As you may know, as every discussion of the Marvel Cinematic Universe acknowledges, 20th Century Fox owns the filmic licensing rights to Marvel’s X-Men. These rights extend somewhat murkily.
The scope of the grant of rights was broad, although the media within which they could be exploited (i.e. theatrical motion pictures) was narrow. Paragraph 6 of the Agreement, entitled “Granted Rights,” states that Property to which Fox obtained rights included (i) certain characters specified in Exhibit A to the Agreement, (ii) the so-called “origin stories” of those characters appearing in the story or screenplay of the film, (iii) all individual storylines from individual comic books other than the origin stories, and, in a catch-all provision, (iv) “all other elements relating to the Property and the Characters.”
What’s definite is that Marvel has tried and continues to try to get around the murk, cutting straight across the rights problem by effectively off-branding their own stuff. Why are the Inhumans getting such a push, on page and screen? Because they’re sort of mutants, but not. The Inhumans’ elevator pitch can be designed to sound exactly like the X-Men’s, “mostly white, mostly human-looking people with superpowers and occasional paintbox skintones brought on around puberty, who experience drama amongst their own number whilst trying to survive as different.” You don’t have to mention that they’re also an American medieval court drama on the moon, but I guess that can be Game of Thrones’d away as a backup or a bonus.
The Inhumans aren’t the first example of Marvel trying to wheedle their way around the live-action restrictions to any and all X-Series the company brought for itself when Avi Arad, in his Marvel Films role of the time, sold off these rights in 1993. Spirits were high at Marvel then; you can read the editorial excitement in old issues of the time. And it makes sense: X-Men: the Animated Series (also sold and Executive Produced by Arad, and bought for Fox Kids by Margaret Loesch, previously CEO of Marvel Productions [later Marvel Films]) was a five-year success that primed huge swathes of new comic book and toy product audience, myself included. But things went south and Fox retained the seed patent without producing any fruits. Sold for a flat fee, the ever-popular, endlessly minable X-Men were out of Marvel’s creative reach, up to and beyond Fox’s eventual, and for them very profitable, release of X-Men in 2000. What did Marvel do? What did Avi Arad do? They bootlegged their own product. They created Mutant X.
Mutant X premiered in 2001 and ran for three godawful seasons until Fireworks Entertainment, a Canadian studio co-producing the title, ceased trading. This company was reported at the time as “facing debt” due to declining interest in action-adventure television in the U.S. (In 2004? Okay, sure) Coincidentally, at time of dissolution Fireworks was also in the midst of being sued by Fox. Because Mutant X was too much like an X-Men product.
This appeal, raising issues concerning the rights of a trademark licensee, arises from a dispute between the motion picture studio that produced the film “X-Men” and the studio’s licensor, which has published “X-Men” comic books and currently produces the television series, “Mutant X.” […] The injunction was sought on the grounds that the TV series violated Fox’s contractual rights and its rights under the Lanham Act.[…]
In April 2001, Fox filed the instant lawsuit, claiming that the Defendants violated its intellectual property rights in the “X-Men” film and associated marketing and branding efforts by marketing and producing the “Mutant X” television series, whose concept, premise, and characters Fox alleges are virtually identical to those of the “X-Men” film. Further, Fox claims that in violating the contractual “Freeze,” Marvel has created a “knock-off” product to “cash in” on Fox’s efforts, thereby cheapening the value of Fox’s film and associated marketing opportunities, inducing purchasers of TV programming and the public to believe that the “Mutant X” TV series is associated with Fox’s film, and diminishing the market for Fox’s planned sequel(s) to the “X-Men” film.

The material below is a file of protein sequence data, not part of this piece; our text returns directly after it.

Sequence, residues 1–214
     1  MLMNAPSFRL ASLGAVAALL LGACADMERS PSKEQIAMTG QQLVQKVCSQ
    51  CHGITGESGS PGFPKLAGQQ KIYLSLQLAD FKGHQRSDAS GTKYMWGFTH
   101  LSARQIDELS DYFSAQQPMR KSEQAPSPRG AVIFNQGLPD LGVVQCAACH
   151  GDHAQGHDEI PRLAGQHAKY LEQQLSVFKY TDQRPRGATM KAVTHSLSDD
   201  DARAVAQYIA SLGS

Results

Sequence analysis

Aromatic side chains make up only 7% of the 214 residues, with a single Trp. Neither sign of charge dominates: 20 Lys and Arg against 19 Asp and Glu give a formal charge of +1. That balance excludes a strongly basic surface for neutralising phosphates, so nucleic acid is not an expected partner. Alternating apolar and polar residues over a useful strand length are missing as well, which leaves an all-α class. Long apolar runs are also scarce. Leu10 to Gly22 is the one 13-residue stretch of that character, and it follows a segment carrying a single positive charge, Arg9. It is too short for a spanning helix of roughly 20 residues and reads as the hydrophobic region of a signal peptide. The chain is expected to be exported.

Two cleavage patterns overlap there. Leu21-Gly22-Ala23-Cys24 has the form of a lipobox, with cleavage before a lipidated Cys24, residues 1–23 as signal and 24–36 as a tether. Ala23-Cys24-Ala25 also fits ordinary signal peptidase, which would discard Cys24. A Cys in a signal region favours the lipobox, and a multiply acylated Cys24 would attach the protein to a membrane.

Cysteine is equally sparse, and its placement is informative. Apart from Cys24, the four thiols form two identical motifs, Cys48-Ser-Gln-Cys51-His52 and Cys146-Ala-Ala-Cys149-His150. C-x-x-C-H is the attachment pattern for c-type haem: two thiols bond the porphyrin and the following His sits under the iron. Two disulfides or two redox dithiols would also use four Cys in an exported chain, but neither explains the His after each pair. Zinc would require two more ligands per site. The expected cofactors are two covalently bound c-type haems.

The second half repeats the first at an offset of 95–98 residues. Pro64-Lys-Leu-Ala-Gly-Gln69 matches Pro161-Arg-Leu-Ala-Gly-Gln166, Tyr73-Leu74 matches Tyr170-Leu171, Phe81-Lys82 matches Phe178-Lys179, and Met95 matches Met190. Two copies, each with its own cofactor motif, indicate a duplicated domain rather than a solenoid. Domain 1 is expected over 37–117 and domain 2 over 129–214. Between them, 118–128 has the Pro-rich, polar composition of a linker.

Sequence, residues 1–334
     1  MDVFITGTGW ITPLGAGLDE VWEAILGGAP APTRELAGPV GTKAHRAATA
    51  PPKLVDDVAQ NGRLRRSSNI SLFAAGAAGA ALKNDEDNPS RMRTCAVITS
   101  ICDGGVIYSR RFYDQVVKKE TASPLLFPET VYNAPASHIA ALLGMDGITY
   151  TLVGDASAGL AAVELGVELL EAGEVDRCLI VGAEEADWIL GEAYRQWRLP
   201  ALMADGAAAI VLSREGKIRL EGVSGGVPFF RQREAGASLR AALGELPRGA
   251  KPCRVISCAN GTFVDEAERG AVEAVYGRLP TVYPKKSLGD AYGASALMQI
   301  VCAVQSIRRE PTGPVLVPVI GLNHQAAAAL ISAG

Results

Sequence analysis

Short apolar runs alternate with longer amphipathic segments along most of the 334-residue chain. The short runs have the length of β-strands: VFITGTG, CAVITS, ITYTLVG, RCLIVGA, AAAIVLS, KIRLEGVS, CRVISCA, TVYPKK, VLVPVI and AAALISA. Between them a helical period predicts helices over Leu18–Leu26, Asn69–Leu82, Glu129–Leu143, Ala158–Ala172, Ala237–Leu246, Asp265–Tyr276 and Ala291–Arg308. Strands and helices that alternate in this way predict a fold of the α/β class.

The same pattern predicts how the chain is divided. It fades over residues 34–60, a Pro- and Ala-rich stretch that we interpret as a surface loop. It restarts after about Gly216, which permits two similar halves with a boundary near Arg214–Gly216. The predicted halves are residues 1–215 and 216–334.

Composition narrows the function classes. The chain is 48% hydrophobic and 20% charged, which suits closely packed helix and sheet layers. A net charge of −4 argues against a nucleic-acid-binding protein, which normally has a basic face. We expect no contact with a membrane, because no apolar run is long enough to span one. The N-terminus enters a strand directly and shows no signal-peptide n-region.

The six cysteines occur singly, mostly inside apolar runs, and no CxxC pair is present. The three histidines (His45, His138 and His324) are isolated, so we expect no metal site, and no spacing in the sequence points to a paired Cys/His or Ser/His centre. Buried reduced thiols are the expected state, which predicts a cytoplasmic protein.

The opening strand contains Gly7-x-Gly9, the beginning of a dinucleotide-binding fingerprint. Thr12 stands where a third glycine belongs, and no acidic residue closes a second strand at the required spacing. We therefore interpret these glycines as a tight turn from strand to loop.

In the episode by episode world of Mutant X, a team of super-powered, leather-wearing young adults and their conflicted, but deeply good, paternal leader use highly advanced technology, including a personal stealth plane and a holographic training room, to monitor a world that hates and fears them, just like every iteration of the X-Men. In every episode of at least the first series, the phrase “New Mutants” (Is that capitalisation illegal? My bad.) is uttered. The superpowered protagonists are new mutants, we’ve got to help the other new mutants, why does x think y about new mutants? Cedric Smith, the voice of Fox Kids’ Charles Xavier, appears in the first episode as the bald, reclusive, older man responsible for the sudden proliferation of “all these new mutants.” Characters discuss each other’s “mutant powers.” The New Mutants title was a runaway success for Marvel Comics in the 1980s. To speculate, by 1994 the title had been retired; relaunched as X-Force and its characters scattered between other successful books. This could explain, I’m guessing, why “new mutants” was perceived as jargon both acceptable on the get-it-past-Fox side of things, and viable on the make-it-like-X-Men one. (This could also explain why Fox’s upcoming New Mutants uses the title and the characters– the latter may all have been optioned in ’94 thanks to appearances in then-current titles, and by using “new mutants ” so much in a show legally required to use no X-Men trademarks, Marvel may have shot themselves in the foot, providing precedent for reappropriation by just anyone. But these are all shots in the dark…!)